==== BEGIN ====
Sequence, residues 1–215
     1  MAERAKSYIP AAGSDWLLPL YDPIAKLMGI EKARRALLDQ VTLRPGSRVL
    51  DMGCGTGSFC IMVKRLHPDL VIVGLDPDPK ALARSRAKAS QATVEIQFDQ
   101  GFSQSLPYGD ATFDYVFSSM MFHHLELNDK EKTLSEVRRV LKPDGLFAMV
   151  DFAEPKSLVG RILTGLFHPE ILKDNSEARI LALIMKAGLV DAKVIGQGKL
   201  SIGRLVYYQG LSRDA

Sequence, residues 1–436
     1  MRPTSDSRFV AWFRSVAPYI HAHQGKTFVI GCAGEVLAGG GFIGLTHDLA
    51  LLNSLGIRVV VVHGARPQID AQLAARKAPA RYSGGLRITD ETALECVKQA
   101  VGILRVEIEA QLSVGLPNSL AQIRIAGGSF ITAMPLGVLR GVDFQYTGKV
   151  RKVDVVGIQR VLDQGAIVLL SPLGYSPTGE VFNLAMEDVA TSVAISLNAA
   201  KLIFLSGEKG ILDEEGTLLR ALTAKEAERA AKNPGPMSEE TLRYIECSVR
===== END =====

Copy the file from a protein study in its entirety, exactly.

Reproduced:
Sequence, residues 1–215
     1  MAERAKSYIP AAGSDWLLPL YDPIAKLMGI EKARRALLDQ VTLRPGSRVL
    51  DMGCGTGSFC IMVKRLHPDL VIVGLDPDPK ALARSRAKAS QATVEIQFDQ
   101  GFSQSLPYGD ATFDYVFSSM MFHHLELNDK EKTLSEVRRV LKPDGLFAMV
   151  DFAEPKSLVG RILTGLFHPE ILKDNSEARI LALIMKAGLV DAKVIGQGKL
   201  SIGRLVYYQG LSRDA

Sequence, residues 1–436
     1  MRPTSDSRFV AWFRSVAPYI HAHQGKTFVI GCAGEVLAGG GFIGLTHDLA
    51  LLNSLGIRVV VVHGARPQID AQLAARKAPA RYSGGLRITD ETALECVKQA
   101  VGILRVEIEA QLSVGLPNSL AQIRIAGGSF ITAMPLGVLR GVDFQYTGKV
   151  RKVDVVGIQR VLDQGAIVLL SPLGYSPTGE VFNLAMEDVA TSVAISLNAA
   201  KLIFLSGEKG ILDEEGTLLR ALTAKEAERA AKNPGPMSEE TLRYIECSVR